'We need to ask ourselves: what does it really cost to run a successful school?'

Despite the increase in funding, the regional disparity between schools still remains unreasonable and unsustainable, writes Stephen Morales, CEO of the National Association of School Business Management

Stephen Morales

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The Secretary of State recently announced a commitment to increase education funding by £1.3bn to try and address some of the concerns that were raised during the lead-up to the recent election.

The measures raised the minimum funding for secondary schools to £4,800 (from 2019-20) and every school will also enjoy a 0.5 per cent per year cash increase in their funding.

However, these proposals can only accommodate what is known as a "soft formula" – a passage of legislation would be required to convert to a hard formula – and this means that the Schools Forum and local authorities will exert significant influence on actual funding levels.

Local authorities will ultimately determine how much schools receive locally. It is likely that high levels of inequity from one region of the country to another will remain.

Despite the new arrangements, this regional disparity means that the difference between the most generously funded schools and the poorest funded schools remains at an unreasonable and possibly unsustainable level.

Perhaps the question that we all need to ask ourselves is: to what extent are the most generously funded schools operating efficiently?

A look at funding

Of course, we need to consider context. Levels of deprivation and levels of need cannot be ignored. But, even if we strip back all contextual factors and look at raw per-pupil funding, there are some schools operating and delivering incredible pupil outcomes with far less funding than others. We need to understand more about why this is the case.

I believe it’s fair to continue to apply pressure on the Treasury to ensure our education system is adequately funded, and it may be in the final analysis that, even when funds are more equitably distributed, the pot is too small.

However, the debate tends to gravitate towards what a school is losing rather than what others could potentially gain as a result of fairer distribution and, more importantly, what the direct impact on the quality of teaching and learning across the whole system will be.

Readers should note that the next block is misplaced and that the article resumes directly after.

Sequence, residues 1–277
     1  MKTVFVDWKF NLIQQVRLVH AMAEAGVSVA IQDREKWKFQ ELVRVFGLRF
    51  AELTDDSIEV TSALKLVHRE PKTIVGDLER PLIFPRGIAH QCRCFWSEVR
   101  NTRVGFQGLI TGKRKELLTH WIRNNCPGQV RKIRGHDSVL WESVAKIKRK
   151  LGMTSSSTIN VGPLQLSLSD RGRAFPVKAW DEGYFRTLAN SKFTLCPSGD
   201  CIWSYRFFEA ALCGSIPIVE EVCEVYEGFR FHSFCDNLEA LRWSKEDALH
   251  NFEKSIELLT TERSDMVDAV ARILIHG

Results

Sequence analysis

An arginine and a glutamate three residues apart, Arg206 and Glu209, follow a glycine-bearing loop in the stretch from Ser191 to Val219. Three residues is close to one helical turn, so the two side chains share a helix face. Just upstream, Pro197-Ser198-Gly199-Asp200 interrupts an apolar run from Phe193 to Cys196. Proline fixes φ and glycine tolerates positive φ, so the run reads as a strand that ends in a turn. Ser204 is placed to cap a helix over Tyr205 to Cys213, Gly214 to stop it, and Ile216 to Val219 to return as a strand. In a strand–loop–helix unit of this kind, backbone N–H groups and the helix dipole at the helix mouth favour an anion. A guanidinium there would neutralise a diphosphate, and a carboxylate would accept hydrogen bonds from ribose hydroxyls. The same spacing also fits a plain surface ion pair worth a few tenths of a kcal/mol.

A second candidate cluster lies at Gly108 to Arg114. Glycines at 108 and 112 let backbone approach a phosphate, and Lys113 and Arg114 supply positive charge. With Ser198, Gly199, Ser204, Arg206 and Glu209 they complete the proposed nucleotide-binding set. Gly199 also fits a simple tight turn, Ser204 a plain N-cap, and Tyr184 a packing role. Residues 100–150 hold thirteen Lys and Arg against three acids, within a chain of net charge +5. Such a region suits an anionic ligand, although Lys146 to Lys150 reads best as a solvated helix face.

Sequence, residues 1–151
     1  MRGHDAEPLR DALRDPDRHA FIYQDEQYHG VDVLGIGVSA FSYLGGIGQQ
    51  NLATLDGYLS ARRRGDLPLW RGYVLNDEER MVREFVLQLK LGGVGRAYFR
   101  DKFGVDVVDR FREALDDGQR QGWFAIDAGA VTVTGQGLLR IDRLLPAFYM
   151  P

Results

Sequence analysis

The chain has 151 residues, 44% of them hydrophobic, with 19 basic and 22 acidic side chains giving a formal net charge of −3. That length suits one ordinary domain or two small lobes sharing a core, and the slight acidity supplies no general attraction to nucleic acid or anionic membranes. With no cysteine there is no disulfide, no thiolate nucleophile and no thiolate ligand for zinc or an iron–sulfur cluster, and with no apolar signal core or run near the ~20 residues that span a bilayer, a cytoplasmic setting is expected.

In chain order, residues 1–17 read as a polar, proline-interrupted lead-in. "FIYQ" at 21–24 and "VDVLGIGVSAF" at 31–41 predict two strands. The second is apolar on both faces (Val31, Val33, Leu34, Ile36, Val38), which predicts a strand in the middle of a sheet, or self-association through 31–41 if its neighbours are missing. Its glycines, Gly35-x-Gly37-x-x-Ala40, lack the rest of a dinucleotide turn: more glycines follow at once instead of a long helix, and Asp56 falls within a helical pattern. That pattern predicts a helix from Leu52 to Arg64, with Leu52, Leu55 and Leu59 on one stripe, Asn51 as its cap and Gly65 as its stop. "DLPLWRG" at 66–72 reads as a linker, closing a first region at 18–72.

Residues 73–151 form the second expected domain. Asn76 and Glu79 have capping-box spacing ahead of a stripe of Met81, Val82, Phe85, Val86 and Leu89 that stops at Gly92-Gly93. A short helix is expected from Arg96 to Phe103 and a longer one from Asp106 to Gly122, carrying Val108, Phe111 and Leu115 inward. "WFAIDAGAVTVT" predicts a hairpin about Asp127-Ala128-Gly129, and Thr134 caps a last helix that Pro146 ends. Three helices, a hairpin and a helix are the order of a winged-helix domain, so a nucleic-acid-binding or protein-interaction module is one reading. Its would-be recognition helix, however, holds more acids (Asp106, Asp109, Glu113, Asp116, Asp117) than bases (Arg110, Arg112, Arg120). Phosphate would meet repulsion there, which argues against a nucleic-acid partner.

Having a grown-up debate about what it is possible to deliver and what will be lost with a finite, or a fixed sum of money, makes sense to me.

Can we focus more on what can be achieved with different levels of funding benchmarked against live examples? For example, what can we expect from a co-ed secondary comprehensive school with per-pupil funding at £4k, £5k, £6k, etc., and where are the examples of successful schools at each of these funding levels?

Developing benchmarks

The National Association of School Business Management will soon become the Institute of School Business Leadership and we are keen to develop benchmarks that can help school business professional across the country. In 2016, we commissioned a review of operational efficiency in schools and found that even in well-managed, Ofsted outstanding, schools there were significant organisational design, procurement and process savings to be made.

We need to reflect and take stock. What does it really cost to run a successful school?  What does success look like? Who is qualified to make the judgement? And should the success criteria be weighted according to funding?

School business leaders’ need to ensure that the school, or schools, they serve are appropriately resourced and provide a safe and conducive environment for the optimisation of learning, that legal obligations are met and that the organisation is sustainable.

As an absolute baseline, all this needs to be delivered irrespective of funding levels. We need to hear from these professionals and that’s why we’ve launched a major survey with Tes. I urge every school business leader to participate. You can do so here

Stephen Morales is the CEO of the National Association of School Business Management, soon to become the Institute of School Business Leadership.

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Stephen Morales

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